In Australia it has been suggested, including judicially, that this legal foundation may be discovered in the will (express or implied) of the people 9 . That theory has some historical support. After all, the Australian federal Constitution, now nearing its centenary, was only adopted when it was accepted by referenda conducted in the several Australian colonies. Sadly, New Zealand held out from the Commonwealth although its membership is contemplated in the covering clauses 10 . I have not ceased to remind the people of New Zealand that it is never too late to repeat 11 . Further support for the "people of Australia" doctrine can be found in the uniquely Australian procedure for the amendment of the Constitution by the referendum facility adapted from Switzerland 12 . If the Constitution is now to be regarded as free standing, if all Australian laws can now ultimately be traced to the Constitution and if the people of Australia must give their assent to any change in the Constitution, it may be said that they, the people, are the ultimate source of legitimacy of all law in Australia. This is a simple doctrine. For that reason it is attractive. It has the merit of seeming to accord with the democratic character of the polity which the Australian Constitution put in place. The doctrine may ultimately achieve ascendancy.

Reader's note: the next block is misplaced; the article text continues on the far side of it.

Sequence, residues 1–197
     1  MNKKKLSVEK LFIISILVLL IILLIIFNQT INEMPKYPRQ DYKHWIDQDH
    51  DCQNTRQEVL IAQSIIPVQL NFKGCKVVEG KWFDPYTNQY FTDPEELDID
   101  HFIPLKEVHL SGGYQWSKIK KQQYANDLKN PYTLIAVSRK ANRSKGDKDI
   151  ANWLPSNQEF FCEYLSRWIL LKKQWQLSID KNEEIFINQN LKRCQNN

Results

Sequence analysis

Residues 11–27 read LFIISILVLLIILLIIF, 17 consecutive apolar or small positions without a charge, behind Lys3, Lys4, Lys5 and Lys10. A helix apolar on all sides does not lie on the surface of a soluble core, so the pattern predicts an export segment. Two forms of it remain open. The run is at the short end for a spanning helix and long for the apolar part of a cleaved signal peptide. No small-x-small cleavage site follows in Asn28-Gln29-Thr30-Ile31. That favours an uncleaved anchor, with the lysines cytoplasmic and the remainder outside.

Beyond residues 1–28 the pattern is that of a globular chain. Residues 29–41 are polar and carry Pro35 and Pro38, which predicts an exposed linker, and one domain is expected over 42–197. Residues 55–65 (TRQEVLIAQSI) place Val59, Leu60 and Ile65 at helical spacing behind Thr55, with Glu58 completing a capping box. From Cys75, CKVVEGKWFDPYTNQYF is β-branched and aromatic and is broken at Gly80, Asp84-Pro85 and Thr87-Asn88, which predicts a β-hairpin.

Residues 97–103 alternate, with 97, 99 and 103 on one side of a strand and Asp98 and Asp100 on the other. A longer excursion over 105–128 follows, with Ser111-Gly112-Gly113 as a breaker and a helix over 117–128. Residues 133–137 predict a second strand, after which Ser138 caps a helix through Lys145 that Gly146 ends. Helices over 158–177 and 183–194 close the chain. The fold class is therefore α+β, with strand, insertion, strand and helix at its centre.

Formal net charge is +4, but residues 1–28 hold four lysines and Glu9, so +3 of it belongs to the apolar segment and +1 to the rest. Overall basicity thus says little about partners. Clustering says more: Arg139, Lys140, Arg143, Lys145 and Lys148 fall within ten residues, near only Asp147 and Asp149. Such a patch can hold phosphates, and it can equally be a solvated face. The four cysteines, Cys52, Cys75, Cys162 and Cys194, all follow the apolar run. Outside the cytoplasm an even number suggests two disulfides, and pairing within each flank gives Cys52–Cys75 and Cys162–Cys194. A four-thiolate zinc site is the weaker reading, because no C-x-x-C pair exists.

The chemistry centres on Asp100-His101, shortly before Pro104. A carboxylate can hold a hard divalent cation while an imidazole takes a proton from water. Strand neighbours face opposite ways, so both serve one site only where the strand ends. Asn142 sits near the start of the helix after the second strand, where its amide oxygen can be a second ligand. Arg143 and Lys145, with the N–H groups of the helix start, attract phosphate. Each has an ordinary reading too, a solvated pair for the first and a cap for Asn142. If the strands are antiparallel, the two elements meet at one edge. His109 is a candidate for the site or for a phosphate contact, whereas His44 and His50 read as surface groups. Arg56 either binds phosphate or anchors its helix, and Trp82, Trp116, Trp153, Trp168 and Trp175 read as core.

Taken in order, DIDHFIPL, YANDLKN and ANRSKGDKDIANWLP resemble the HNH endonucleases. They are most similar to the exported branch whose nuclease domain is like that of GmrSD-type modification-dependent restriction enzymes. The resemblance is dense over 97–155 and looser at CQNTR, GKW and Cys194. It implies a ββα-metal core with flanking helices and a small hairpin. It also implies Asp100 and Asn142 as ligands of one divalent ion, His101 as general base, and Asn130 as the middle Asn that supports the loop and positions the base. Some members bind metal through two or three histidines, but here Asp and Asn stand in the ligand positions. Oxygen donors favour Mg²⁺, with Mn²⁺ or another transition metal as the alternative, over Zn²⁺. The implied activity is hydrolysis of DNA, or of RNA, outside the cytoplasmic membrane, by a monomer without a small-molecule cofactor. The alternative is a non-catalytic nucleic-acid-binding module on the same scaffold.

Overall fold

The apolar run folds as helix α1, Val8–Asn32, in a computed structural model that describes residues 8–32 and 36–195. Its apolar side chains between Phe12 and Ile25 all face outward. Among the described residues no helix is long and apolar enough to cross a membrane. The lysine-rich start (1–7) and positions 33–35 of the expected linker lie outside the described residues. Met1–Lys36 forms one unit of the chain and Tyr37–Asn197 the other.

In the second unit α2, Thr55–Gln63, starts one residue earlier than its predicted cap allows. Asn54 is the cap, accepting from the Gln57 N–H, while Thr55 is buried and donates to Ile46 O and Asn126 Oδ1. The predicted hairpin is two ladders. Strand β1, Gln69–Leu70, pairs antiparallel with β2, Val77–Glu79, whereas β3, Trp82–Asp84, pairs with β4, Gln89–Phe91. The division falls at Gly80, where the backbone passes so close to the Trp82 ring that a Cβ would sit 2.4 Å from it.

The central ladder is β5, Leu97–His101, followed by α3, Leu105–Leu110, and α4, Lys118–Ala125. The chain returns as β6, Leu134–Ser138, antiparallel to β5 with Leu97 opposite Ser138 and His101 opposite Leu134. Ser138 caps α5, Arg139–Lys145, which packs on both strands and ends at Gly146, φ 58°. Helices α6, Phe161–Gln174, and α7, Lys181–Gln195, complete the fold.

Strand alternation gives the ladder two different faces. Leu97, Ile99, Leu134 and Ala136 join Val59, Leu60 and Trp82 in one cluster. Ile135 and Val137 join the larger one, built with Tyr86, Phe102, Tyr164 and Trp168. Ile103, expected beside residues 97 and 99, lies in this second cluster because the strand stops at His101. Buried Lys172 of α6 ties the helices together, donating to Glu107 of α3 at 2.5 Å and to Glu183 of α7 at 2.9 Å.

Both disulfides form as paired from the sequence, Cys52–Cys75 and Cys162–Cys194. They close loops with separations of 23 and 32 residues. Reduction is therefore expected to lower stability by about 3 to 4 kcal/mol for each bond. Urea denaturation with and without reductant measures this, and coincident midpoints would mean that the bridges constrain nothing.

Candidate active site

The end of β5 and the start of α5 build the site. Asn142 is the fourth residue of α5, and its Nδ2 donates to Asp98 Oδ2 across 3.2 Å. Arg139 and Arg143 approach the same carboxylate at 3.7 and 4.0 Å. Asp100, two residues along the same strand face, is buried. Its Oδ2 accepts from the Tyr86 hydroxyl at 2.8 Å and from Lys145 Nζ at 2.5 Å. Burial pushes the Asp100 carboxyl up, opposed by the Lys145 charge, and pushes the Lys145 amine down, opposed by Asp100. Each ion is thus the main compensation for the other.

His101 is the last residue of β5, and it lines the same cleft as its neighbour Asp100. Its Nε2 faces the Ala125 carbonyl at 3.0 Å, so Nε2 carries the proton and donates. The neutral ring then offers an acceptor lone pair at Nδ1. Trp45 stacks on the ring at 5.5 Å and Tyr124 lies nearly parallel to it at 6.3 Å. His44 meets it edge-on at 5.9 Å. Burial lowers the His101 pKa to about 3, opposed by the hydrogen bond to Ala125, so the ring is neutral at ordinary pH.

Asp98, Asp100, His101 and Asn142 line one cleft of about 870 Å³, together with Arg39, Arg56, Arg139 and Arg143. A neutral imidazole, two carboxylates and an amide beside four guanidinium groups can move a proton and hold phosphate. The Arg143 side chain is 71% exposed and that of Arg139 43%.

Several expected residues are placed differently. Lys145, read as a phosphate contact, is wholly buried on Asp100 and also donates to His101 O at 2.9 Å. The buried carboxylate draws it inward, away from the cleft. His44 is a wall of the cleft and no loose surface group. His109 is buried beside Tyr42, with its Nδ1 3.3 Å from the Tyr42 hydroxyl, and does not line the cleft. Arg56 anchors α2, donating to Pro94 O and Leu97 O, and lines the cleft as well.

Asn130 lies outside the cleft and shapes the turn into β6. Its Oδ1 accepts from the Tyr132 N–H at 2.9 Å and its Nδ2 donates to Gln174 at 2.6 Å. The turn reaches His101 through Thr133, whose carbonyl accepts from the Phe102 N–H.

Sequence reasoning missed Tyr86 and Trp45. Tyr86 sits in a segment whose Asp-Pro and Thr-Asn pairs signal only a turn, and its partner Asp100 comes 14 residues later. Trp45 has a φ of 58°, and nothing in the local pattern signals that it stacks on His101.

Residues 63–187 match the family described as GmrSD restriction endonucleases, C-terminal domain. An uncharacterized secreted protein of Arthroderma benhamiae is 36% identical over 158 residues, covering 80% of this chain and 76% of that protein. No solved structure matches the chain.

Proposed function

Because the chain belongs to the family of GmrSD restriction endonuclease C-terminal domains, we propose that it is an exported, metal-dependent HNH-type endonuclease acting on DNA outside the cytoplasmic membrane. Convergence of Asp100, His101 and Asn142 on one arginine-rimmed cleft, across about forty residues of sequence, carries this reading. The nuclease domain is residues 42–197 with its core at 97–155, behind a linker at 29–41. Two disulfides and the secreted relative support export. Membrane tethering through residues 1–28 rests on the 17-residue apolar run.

But, once again, simplicity should not be bought at the price of rewriting history and law. The referenda at the end of the 19th century included women in only two of the Australia colonies 13 . The Constitution was not adopted, in history or law, because it was approved by such referenda. History shows that it was taken, cap in hand, to the imperial authorities at Westminster, whose statute was undoubtedly seen as essential to the legitimacy of legal separation and the creation of Australian nationhood. The imperial authorities tinkered with the document presented by the Australian colonists, although wisely limiting their interference in its terms 14 . The Constitution, although now referred to as a separate instrument, is in form a part of an Imperial Act 15 . The people of Australia who have amended its formal text rarely and reluctantly did not, for most of the century (or on its adoption) excluded the indigenous people of the continent - Aboriginals and Torres Strait Islanders 16 for various purposes. Wrapped as it was in the garments of an imperial statute and presented with the authority of the (almost) unbroken legal lineage of a millennium, it was little wonder that the quest for simplicity in identifying the source of law should have held colonial legal minds in its grip for so long.